Reinsurance News

Uptake of earthquake insurance falls in New Madrid fault zone

11th July 2019 - Author: Charlie Wood

Earthquake insurance coverage in the highest risk areas of Missouri has dropped to just under 14%, raising questions of the state’s insurance market and its readiness to recover from a high magnitude quake, according to a report from The Missouri Department of Insurance

missouriThe New Madrid area of Missouri experienced a series of powerful earthquakes during the winter of 1811-1812, with experts estimating the primary quakes ranging in magnitude from 7.0 to 7.5.

Were an earthquake of similar magnitude to occur today along the New Madrid fault, the report explains that losses would be staggering.

Risk modellers AIR Worldwide estimates insured losses of $120 billion dollars (2011 dollars).

Such losses would only be rivaled by a repeat of the 1906 San Francisco earthquake, with estimated losses of $93 billion.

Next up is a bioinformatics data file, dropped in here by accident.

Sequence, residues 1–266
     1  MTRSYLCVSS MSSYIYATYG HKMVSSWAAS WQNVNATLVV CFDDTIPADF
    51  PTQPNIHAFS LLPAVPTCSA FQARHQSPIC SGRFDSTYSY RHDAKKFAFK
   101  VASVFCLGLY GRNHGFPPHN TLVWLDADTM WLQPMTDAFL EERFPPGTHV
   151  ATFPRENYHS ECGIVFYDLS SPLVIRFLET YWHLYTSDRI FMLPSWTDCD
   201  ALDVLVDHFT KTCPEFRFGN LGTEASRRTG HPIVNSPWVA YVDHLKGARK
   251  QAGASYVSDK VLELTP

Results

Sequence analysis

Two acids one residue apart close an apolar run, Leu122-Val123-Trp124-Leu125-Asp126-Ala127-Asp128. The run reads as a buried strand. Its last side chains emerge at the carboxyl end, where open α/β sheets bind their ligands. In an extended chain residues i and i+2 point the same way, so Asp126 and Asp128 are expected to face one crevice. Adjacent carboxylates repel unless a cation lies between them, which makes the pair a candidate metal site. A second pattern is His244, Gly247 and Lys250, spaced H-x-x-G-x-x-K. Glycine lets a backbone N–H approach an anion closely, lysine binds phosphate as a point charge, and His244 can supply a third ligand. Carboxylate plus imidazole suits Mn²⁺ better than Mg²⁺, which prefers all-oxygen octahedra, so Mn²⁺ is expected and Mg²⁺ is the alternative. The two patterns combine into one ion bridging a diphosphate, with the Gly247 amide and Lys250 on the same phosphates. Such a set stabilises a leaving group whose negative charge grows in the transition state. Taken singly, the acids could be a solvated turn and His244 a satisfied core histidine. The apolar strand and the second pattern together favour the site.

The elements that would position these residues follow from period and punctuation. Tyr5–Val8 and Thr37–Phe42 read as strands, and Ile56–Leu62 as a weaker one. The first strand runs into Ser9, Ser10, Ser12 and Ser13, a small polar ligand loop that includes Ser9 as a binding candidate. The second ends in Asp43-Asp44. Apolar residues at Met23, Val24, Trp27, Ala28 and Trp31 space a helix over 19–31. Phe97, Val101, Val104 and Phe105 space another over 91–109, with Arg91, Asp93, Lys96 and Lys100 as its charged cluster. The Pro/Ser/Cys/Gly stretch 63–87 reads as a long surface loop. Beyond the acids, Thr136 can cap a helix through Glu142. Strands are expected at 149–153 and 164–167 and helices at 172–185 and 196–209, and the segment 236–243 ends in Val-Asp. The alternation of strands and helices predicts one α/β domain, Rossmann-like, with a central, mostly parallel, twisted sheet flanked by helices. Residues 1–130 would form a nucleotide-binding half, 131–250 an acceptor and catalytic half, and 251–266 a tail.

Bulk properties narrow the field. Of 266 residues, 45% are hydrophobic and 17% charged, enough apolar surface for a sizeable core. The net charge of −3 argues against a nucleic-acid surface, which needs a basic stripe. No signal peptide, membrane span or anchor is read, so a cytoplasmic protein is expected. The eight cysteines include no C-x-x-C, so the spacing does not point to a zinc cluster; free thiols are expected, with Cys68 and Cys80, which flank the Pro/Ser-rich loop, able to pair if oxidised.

A joint assessment by the Mid-American Earthquake Center of the University of Illinois and the Federal Emergency Management Agency predicted that a major New Madrid event could entail total economic losses of $300 billion, surpassing the highest total economic loss of any natural disaster in US history.

“We are very concerned about the state of our earthquake insurance market in Missouri,” said Chlora Lindley-Myers, Director of the Department of Insurance, Financial Institutions and Professional Registration.

“We take our duty to educate our consumers and build awareness very seriously. We want everyone to prepare not just for an earthquake event, but for a successful recovery afterward.”

Missouri is the third largest market for earthquake insurance among the states, exceeded only by California and Washington.

However, over the last 20 years, the earthquake insurance market has significantly contracted, with many insurers leaving the market entirely, while others refuse to issue new policies in the New Madrid area.

Even among those insurers still willing to sell coverage, stricter underwriting standards supposedly make some types of dwellings ineligible for coverage.

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